The local drug peddlers will then call and arrange for the Refugees who are already living in the area to collect the drugs at designated places. These group of Rohingya women are typically around the ages of 20s, 30s, some older, often without a husband and with children to feed. 

According to Mukhima A. 25, who herself has been in prison twice, for each run they are given 1000 yaba tablets and told if they succeeded in delivering the drugs to Chittagong or Dhaka they would get paid 5000 taka each - which is the equivalent of US$64.

The other places they usually deliver to besides Chittagong & Dhaka are Dinazpur, Rajshahi and other areas. 

For them to have a chance to travel, the local drug dealers would have paid the BGB (Border Guard) a bribe to let the girls through at the closest checkpoint. Some of the females can reach their destination and some caught; and it is usually by another Border Guard at adifferent check point and sent to jail.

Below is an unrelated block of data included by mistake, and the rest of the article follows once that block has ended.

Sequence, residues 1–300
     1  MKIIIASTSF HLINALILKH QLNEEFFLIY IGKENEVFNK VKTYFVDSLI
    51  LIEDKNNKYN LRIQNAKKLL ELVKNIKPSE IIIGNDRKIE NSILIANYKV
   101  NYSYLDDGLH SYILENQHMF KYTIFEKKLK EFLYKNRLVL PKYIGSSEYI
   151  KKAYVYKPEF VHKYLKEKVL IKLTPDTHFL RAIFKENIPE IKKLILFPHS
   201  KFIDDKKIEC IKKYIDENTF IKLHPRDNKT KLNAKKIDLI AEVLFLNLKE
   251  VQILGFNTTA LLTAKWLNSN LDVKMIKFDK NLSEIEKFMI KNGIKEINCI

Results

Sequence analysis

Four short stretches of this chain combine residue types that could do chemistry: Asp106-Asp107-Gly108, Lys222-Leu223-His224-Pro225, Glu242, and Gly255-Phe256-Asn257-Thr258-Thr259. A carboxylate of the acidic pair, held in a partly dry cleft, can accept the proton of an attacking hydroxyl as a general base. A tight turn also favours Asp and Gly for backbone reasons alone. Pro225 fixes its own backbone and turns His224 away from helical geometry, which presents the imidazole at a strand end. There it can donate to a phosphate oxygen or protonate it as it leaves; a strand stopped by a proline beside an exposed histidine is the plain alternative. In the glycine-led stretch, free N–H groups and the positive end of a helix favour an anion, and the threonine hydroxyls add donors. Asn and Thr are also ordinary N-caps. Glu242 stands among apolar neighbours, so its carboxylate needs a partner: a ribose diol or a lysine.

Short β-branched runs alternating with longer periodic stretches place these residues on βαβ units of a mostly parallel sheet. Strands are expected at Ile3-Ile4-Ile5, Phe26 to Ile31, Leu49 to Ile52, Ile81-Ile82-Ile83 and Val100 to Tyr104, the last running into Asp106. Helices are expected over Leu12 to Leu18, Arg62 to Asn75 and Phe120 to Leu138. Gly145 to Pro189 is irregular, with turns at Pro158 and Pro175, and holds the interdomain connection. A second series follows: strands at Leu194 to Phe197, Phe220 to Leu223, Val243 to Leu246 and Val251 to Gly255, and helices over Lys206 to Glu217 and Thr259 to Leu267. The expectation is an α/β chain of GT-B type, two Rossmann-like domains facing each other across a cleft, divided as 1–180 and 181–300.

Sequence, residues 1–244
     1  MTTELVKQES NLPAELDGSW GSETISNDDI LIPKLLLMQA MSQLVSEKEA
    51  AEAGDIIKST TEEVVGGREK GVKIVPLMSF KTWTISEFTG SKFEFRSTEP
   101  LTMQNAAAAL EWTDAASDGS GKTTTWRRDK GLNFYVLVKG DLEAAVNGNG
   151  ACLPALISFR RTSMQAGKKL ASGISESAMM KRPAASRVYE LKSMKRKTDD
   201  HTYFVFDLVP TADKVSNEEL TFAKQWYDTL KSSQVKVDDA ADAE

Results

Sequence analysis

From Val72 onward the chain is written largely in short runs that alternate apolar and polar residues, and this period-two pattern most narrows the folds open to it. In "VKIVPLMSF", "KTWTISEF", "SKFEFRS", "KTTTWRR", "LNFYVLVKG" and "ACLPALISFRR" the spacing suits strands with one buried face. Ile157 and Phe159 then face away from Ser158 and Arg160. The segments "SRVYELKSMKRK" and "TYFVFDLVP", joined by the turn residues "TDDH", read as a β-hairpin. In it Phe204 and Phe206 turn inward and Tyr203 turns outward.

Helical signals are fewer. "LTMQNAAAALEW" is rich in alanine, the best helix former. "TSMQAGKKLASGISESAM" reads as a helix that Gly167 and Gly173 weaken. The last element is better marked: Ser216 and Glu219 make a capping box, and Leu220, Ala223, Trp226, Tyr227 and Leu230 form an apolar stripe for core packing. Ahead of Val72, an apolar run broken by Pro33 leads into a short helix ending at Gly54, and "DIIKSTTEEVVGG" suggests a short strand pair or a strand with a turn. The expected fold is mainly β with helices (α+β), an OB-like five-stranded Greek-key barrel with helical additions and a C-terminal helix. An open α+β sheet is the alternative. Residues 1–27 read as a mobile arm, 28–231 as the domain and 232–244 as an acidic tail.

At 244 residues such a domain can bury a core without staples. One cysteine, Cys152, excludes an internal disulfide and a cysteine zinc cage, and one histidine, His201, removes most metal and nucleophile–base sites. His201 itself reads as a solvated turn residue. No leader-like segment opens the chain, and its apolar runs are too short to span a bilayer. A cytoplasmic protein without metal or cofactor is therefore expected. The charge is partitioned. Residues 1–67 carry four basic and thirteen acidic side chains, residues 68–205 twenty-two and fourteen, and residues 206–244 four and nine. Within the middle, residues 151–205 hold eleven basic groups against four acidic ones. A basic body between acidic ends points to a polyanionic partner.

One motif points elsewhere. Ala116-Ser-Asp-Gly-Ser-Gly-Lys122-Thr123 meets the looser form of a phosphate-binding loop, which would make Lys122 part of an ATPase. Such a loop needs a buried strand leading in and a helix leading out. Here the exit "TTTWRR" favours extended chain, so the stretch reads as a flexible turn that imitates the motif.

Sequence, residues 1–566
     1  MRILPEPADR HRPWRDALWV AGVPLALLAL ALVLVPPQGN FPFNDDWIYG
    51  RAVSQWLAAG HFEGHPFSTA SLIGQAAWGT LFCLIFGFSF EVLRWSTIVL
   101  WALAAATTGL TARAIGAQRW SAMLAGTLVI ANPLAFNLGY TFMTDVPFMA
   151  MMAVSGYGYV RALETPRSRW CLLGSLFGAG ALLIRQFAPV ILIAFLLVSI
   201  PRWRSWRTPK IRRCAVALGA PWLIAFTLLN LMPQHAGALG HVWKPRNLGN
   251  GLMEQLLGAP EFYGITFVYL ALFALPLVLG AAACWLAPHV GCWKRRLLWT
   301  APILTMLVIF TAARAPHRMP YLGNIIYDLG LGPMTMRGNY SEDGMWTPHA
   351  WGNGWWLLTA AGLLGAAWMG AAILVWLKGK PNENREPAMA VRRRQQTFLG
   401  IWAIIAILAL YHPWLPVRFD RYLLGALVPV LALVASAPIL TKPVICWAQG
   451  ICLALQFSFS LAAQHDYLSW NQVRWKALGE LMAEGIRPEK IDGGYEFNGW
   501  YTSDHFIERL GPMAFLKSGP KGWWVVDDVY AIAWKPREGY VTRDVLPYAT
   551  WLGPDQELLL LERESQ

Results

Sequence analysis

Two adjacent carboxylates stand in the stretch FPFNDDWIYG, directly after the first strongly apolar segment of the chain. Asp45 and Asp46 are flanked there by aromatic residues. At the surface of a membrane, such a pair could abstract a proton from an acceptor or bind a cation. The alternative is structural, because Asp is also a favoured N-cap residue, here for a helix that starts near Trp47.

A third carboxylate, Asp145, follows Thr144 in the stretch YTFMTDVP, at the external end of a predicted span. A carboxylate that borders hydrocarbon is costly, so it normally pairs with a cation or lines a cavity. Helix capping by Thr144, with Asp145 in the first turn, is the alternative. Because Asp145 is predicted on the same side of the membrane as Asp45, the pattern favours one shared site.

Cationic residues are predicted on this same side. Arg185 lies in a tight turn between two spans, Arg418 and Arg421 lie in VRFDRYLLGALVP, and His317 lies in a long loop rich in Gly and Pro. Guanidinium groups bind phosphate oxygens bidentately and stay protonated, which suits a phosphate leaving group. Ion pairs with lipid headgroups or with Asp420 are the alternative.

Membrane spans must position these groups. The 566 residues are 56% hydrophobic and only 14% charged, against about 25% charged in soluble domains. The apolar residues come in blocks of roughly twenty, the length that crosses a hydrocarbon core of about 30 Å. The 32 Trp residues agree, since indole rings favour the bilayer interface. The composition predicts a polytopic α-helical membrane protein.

Since they are unregistered and have no legal papers, they do not have rights to legal representation and are easily dismissed on their accounts by the drug dealers who operate with no accountability when questioned about their association with the drug dealing. 

Depending on the amount of drugs they carry, if it is over 1000 tablets, the jail term will be 6 months to 1 year and if the numbers are higher the term will be longer up to two years.

The women who carry the drugs, they too gradually become addicted to drugs. Some resort to prostitution too, to feed their addiction.

With life so hard and survival, a struggle, these women tend to go back to the same activities once they are released from prison.